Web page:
posted by Thom Holwerda on Sun 19th Mar 2006 18:54 UTC
IconAs I sit back, here on March 19th 2019, to review the past 13 years, I cannot help but feel slightly melancholic. I felt it was time to summarize the period in the tech industry between 2006 and 2019. Where did we leave off, where did we go, and where are we going to end up? Note: Yes, the Sunday Eve Column.

Apple Computer

In 2013 Apple launched a new feature in the iTunes Music Store. From that point onwards, one could buy groceries from the Music Store. The first available grocery product was the banana, but soon more products followed. In 2014, Apple got sued by a group of customers who complained their bananas weren't yellow enough. A judge decided Apple had to pay $96.7 million to this group of customers, besides replacing all bananas under warranty.

On April 1st 2016, Apple celebrated its 40th anniversary by introducing an all-new iPod, the Ipod Invisible. The iPod Invisible cannot play music, cannot play videos, and cannot make use of the in 2013 introduced feature of buying groceries in the iTunes Music Store. Apple's CEO Steve Jobs held the iPod Invisible up in his hand during a special press event (one of the 371 events that year), and said: "The iPod Invisible. 50 Cent has one in his latest video. Starting at just $699, available today." Mac zealots went to the Apple Stores en masse to buy the new iPod Invisible, making it a huge success for Apple. Complaints soon emerged about battery life being too short, but to everyone's surprise no one sued Apple this time.

And they also released some new computers and some new operating systems and such.

The Stallman Paradox

In 2010, Richard Stallman, founder of the Free Software Foundation and writer of the GPL, created a major uproar in the industry by announcing he would no longer use computers. His reasoning was well understood by many of his followers: he refused to use computers because BIOS writers refused to release their BIOS code under the GPL. Some die-hard Free software zealots followed Stallman in resorting to use stone tablets and iron chisels.

No one knows who told Stallman that the code to stone and iron wasn't GPL, but in 2012 Stallman is said to have talked to Mother Nature about opening up the code to rock and iron under the GPL. Mother Nature later in an interview said that she simply could not, even if she wanted to: "I may have written stone and iron, and I may own the source code to stone and iron, but I did not create i.e. concrete or all the iron alloys. I would have had to come to an agreement with all the writers of derivative works of stone and iron in order to license them under the GPL. This turned out to be impossible." In any case, Stallman then took off to live in the Scottish Highlands, working on GPL-licensed clones of stone and iron. This turned out to be a greater problem than he anticipated, because he had no GPL tools to actually write on and with.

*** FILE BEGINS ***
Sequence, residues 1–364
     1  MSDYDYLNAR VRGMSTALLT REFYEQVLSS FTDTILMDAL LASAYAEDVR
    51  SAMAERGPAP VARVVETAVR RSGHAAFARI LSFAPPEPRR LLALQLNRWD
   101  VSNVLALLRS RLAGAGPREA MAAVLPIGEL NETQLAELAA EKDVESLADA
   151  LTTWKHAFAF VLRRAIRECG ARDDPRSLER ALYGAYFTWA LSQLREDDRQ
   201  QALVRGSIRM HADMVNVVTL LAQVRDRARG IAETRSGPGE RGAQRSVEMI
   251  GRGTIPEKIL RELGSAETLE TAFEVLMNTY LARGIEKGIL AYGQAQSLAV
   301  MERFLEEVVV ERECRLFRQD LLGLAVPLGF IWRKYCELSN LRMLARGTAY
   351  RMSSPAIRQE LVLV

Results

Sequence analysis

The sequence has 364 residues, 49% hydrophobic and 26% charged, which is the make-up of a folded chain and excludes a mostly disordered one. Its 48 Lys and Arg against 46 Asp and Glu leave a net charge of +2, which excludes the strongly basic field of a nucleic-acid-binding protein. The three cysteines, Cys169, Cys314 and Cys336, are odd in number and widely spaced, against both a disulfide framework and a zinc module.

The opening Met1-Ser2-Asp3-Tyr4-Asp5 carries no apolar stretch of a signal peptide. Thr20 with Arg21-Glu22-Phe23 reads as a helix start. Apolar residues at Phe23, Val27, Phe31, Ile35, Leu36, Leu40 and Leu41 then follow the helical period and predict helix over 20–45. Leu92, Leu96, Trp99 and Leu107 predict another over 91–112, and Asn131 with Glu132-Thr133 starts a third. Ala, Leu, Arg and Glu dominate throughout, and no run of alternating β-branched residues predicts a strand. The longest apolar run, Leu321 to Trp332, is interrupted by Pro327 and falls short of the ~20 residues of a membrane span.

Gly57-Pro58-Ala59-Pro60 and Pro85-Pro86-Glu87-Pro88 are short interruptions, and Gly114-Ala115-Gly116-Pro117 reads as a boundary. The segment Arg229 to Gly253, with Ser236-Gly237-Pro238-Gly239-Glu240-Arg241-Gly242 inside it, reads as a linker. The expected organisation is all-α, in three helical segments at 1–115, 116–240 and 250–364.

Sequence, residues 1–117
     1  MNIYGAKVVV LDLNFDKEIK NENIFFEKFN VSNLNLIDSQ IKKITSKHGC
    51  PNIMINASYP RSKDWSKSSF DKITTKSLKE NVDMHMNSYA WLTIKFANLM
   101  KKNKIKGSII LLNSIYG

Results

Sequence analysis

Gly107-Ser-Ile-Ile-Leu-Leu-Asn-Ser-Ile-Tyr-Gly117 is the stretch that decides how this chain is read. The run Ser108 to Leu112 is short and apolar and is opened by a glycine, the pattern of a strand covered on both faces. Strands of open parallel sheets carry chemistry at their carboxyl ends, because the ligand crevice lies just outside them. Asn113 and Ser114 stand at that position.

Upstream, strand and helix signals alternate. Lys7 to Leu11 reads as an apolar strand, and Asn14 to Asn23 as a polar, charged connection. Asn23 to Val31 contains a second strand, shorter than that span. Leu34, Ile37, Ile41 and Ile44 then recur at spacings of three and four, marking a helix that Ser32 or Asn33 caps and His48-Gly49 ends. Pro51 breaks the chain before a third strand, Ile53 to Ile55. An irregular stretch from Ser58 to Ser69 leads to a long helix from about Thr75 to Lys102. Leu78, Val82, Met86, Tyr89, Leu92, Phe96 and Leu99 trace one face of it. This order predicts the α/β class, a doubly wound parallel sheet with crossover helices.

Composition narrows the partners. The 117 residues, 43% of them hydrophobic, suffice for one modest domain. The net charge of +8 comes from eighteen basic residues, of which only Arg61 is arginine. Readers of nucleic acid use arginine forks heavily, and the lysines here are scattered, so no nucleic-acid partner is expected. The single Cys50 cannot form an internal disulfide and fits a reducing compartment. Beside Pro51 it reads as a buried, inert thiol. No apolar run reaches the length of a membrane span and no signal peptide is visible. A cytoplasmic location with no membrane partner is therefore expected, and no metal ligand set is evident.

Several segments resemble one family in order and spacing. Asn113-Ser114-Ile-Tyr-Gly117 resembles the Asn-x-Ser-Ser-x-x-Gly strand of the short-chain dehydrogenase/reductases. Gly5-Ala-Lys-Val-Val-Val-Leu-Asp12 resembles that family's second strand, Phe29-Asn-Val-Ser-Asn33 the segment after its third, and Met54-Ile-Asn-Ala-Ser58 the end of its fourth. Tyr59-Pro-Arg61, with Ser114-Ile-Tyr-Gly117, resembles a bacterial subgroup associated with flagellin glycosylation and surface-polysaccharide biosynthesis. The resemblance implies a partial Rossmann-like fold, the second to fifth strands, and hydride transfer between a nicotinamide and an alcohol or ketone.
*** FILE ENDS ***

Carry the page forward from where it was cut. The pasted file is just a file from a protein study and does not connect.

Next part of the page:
This is what philosophers now call "The Stallman Paradox". Despite many attempts it has not yet been solved.

GNOME & KDE

On 19th December 2006, the KDE team proudly announced they have reached their life-long goal of having each single pixel on a screen dedicated to a widget of one type or another. It took them years and years of heavy, hard, and though work. KDE achieved the stunning milestone by simply lowering the bar for widget placement. Usefulness? Unimportant. Looks? Who cares. Usability? Not in the dictionary. After two weeks of well-earned rest, the KDE team went to work again on the much-anticipated KDE 4. The main goal of KDE 4 is to remove all the widgets off of the screen again, and thus free some pixels for actual content. KDE's Aaron Seigo (Siego... Seigo... Whatever) was quoted saying: "Well, you gotta do something to keep 'm busy and off the streets." KDE4 is slated for a 2020 release.

On a related note, Seigo also complained about the initial development of KDE 4's volume applet. When he found out nobody videotaped the developer writing the code, he complained about how the development had happened 'behind closed doors'.

Table of contents
  1. "Iron Chisels, Invisible iPods, Stick Castles, 1/2"
  2. "Iron Chisels, Invisible iPods, Stick Castles, 2/2"
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